GG: Yeah, go you! So, this time out, you were not only playing guitar and co-writing, you also produced the album. Did you have a lot of material ready before you went in to record? I know you said you guys have a lot of studio time available...

DH: No. Haha! I fucking wish it was! That’s maybe why it took so fuckin’ long! Oh my God. You know, by the end of this album, like, I was umm, fantasising about selling everything and never, ever getting involved with studio work ever again! Hahaha!

It seemed like a good idea at the time. The vibe was, I have a studio near my house so the guys would stay at my house and we’d go to the studio each day or whenever we were ready. The only rule I had was: there had to be a verse and a really good chorus, defined with melody, lyrics and everything, you know? Written on acoustic before we went anywhere near the studio, because I know that we’re very good at going into the studio half-cocked and making the best of whatever we’ve got. But I didn’t want to do that: I wanted to make sure that when we went in, we knew the song was good. And then make it better from there. We call it ‘turd-polishing’, haha!

GG: Haha! So, most of the material on this record was written first on acoustic?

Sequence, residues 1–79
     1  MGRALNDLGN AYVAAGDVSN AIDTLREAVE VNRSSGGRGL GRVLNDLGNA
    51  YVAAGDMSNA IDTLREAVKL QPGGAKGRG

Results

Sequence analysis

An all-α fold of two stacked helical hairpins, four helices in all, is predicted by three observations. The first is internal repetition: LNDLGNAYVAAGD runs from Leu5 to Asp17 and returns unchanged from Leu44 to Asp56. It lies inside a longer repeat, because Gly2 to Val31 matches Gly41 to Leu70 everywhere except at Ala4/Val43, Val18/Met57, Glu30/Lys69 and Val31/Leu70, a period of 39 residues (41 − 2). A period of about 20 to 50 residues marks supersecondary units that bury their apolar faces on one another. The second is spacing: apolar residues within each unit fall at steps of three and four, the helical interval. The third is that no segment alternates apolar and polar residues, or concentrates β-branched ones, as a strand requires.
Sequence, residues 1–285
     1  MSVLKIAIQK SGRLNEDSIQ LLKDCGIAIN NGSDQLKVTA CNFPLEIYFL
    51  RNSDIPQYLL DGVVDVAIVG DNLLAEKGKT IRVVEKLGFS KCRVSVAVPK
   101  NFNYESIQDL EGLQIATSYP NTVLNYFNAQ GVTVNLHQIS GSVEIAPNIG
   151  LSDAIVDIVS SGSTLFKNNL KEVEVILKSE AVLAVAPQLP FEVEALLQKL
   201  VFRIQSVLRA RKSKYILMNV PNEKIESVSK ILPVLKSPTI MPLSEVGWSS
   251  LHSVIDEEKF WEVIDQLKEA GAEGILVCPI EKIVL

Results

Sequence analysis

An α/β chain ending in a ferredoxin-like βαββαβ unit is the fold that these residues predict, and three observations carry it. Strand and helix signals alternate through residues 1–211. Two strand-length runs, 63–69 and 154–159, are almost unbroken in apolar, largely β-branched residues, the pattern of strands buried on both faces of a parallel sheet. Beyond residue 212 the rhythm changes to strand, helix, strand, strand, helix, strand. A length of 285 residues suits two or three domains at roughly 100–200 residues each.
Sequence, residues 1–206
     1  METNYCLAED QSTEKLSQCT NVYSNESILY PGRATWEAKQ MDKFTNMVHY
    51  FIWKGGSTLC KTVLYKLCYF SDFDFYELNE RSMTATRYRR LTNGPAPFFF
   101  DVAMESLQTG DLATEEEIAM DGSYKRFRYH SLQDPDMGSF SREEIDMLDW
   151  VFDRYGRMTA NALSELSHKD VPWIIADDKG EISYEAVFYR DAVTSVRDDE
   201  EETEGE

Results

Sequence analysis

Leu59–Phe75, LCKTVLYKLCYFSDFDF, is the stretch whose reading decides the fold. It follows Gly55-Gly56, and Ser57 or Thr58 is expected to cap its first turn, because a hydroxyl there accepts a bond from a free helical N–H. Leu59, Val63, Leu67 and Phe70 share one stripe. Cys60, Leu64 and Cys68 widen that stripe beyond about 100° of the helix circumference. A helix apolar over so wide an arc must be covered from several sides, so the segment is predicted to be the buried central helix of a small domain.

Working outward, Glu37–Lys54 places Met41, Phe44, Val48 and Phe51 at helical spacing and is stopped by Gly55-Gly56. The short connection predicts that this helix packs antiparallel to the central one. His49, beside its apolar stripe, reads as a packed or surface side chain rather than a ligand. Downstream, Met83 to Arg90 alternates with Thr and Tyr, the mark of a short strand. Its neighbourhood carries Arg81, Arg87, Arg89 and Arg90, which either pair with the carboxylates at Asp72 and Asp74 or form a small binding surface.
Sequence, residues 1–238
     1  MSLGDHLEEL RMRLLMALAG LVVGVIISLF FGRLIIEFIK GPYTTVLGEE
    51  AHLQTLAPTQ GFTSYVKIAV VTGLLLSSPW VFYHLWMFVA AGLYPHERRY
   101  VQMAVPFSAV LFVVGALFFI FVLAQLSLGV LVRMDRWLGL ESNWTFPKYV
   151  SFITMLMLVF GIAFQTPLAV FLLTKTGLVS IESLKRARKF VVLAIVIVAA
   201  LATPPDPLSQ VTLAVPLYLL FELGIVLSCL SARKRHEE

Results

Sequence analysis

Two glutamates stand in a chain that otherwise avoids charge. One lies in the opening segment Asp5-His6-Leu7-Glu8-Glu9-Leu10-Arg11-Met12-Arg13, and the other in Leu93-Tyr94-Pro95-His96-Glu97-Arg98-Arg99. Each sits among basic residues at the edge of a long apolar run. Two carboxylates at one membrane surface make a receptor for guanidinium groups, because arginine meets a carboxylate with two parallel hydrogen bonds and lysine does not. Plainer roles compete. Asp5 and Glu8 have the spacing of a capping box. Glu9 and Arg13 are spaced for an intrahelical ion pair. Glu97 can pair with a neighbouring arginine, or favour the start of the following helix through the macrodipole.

DH: That was the main thing, yeah. I wanted to reconnect us with the idea if writing songs the way we did on the first album, really. Back then, we couldn’t afford to go into the rehearsal room because we were all on the dole in London, whatever, and we’d only be able to get one rehearsal a week, two if we were lucky, just because we couldn’t afford to do any more than that. So, the rest of the evenings, or times we would get together and write songs in whoever’s flat it was, whoever’s turn it was to host the band. And we would just have a shitty old acoustic and you know, I would develop a way of playing acoustic so hard that it almost sounded like an electric guitar. That’s where it all developed from. So, mainly on acoustic, yeah!

GG: Brilliant! Let’s talk about electric guitars because that’s the most fun thing, frankly. This record has got some great guitar parts on it, I really love the main riff for the title song (Easter is Cancelled). The guitars are pretty loud, they’re well-produced: what was your vibe for putting out guitars this time?